I want to ask my colleagues at these “think-tanks” who happily trade their integrity for access to Pakistan, how many lives is your visa worth? How many lives are as valuable as your much-desired meeting with the army chief, ISI chief or a few corps commanders? We all know what you get in these meetings are notebooks full of lies. (I have an entire shelf of such lie-festooned notebooks.) What you get is the social cache of such meetings as they have little other utility. So, why do you happily sell your soul to these con artists? What is the crime your patron will commit that will persuade you to develop gonadal fortitude and resist that VIP lounge in Pindi? While you may not care that your handlers are also slaughtering Indians, Afghans and even Pakistanis, perhaps you should look long and hard at the thousands of Americans who have been felled by the murderers in Pindi. If you can’t do that, know that the red carpet they roll out for you is stained red with the blood of hundreds of thousands of persons shed by the very institutions you so willingly propitiate and defend, not for money but for a visa and a full schedule of sham meetings with which you regale friends, colleagues and US officials back home.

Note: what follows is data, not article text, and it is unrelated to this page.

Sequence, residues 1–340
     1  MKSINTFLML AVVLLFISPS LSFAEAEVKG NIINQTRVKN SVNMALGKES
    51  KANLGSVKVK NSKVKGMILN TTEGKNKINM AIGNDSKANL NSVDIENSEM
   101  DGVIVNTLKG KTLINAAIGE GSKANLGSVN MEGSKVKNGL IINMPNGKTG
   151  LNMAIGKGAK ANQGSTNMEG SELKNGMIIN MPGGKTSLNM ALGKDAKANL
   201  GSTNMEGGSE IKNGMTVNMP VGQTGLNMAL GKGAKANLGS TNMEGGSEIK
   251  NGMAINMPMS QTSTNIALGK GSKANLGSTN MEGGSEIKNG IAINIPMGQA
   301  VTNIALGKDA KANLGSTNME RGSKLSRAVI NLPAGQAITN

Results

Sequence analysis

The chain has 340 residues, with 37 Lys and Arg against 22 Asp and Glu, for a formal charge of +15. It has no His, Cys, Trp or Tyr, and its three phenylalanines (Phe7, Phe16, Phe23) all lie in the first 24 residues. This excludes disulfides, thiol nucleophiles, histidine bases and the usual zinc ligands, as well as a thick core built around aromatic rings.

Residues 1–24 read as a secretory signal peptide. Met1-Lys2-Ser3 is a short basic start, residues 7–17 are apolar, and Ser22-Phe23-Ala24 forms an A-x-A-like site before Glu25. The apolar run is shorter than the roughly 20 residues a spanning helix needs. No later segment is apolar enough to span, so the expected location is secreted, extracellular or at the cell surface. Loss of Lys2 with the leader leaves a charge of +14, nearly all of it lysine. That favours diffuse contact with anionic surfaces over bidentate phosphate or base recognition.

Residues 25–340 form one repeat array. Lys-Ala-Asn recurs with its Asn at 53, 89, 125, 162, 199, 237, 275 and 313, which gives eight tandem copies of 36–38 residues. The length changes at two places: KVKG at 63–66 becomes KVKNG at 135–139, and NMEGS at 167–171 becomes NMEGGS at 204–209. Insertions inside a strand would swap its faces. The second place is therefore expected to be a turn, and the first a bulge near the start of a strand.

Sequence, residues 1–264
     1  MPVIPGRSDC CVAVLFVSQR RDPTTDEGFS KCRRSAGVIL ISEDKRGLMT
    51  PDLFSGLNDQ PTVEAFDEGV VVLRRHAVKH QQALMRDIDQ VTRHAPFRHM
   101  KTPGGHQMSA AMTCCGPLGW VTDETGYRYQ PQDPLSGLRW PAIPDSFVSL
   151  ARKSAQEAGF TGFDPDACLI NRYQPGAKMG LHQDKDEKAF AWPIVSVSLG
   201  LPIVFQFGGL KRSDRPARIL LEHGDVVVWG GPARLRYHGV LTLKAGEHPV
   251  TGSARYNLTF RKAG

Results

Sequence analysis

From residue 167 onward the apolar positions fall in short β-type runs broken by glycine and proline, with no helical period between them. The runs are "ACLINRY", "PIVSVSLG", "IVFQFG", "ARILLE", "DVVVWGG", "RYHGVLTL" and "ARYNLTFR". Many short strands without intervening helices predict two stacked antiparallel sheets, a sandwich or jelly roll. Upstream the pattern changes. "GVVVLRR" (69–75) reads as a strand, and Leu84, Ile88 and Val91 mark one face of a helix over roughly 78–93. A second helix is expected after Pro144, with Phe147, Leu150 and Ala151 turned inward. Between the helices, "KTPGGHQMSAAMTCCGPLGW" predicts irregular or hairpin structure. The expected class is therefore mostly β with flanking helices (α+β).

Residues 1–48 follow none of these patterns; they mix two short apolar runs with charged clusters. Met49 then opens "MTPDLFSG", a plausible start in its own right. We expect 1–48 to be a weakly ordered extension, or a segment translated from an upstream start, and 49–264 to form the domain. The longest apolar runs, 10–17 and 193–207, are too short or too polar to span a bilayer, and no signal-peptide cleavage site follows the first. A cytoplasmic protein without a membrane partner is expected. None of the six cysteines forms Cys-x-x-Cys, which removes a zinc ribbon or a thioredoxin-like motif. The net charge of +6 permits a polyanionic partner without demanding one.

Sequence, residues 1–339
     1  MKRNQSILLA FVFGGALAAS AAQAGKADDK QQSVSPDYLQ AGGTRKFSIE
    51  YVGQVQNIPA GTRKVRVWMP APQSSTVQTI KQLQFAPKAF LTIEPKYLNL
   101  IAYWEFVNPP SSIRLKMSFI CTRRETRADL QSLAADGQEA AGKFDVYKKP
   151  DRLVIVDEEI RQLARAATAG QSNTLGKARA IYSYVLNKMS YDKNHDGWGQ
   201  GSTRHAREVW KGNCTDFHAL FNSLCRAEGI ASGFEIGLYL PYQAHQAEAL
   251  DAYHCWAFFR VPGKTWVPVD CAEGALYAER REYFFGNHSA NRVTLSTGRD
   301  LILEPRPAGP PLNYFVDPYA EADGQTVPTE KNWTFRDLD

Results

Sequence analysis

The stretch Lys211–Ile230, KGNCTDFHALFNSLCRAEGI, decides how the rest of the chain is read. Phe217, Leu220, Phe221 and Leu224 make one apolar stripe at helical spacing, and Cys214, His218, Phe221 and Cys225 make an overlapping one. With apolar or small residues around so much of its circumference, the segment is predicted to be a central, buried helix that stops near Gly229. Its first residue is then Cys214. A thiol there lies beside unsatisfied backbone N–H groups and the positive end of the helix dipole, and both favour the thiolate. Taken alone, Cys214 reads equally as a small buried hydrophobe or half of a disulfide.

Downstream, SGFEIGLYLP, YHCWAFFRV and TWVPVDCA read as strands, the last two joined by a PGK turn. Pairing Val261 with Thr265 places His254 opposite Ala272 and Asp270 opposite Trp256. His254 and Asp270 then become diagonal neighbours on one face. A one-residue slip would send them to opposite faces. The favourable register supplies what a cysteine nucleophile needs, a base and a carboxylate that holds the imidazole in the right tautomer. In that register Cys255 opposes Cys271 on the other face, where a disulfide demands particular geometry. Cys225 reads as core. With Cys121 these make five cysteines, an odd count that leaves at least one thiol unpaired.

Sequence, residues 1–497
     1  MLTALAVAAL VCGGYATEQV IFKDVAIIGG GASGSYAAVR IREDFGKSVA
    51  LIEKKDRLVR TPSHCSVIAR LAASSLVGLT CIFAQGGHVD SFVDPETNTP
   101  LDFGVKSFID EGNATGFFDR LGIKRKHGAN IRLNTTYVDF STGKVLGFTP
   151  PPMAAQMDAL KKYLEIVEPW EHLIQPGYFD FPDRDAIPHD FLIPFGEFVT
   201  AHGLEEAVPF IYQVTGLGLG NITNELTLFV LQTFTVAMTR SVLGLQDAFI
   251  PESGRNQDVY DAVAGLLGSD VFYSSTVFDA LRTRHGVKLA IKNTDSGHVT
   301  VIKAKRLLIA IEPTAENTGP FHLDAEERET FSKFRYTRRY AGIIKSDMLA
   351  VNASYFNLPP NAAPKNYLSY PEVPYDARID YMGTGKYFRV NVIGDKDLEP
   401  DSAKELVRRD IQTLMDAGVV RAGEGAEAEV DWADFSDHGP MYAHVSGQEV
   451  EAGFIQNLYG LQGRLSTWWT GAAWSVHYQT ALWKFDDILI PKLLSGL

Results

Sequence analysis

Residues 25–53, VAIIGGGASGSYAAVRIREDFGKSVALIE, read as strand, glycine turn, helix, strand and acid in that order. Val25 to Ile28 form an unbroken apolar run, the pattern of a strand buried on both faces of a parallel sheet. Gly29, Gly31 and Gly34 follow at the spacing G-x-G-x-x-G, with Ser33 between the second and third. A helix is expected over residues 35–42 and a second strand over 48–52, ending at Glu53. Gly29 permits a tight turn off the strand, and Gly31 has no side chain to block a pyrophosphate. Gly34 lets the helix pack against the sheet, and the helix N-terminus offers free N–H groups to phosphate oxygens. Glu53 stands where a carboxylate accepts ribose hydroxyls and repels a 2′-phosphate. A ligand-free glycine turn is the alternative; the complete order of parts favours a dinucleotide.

C. Christine Fair is the author of Fighting to the End: The Pakistan Army’s Way of War and In Their Own Words: Understanding the Lashkar-e-Tayyaba.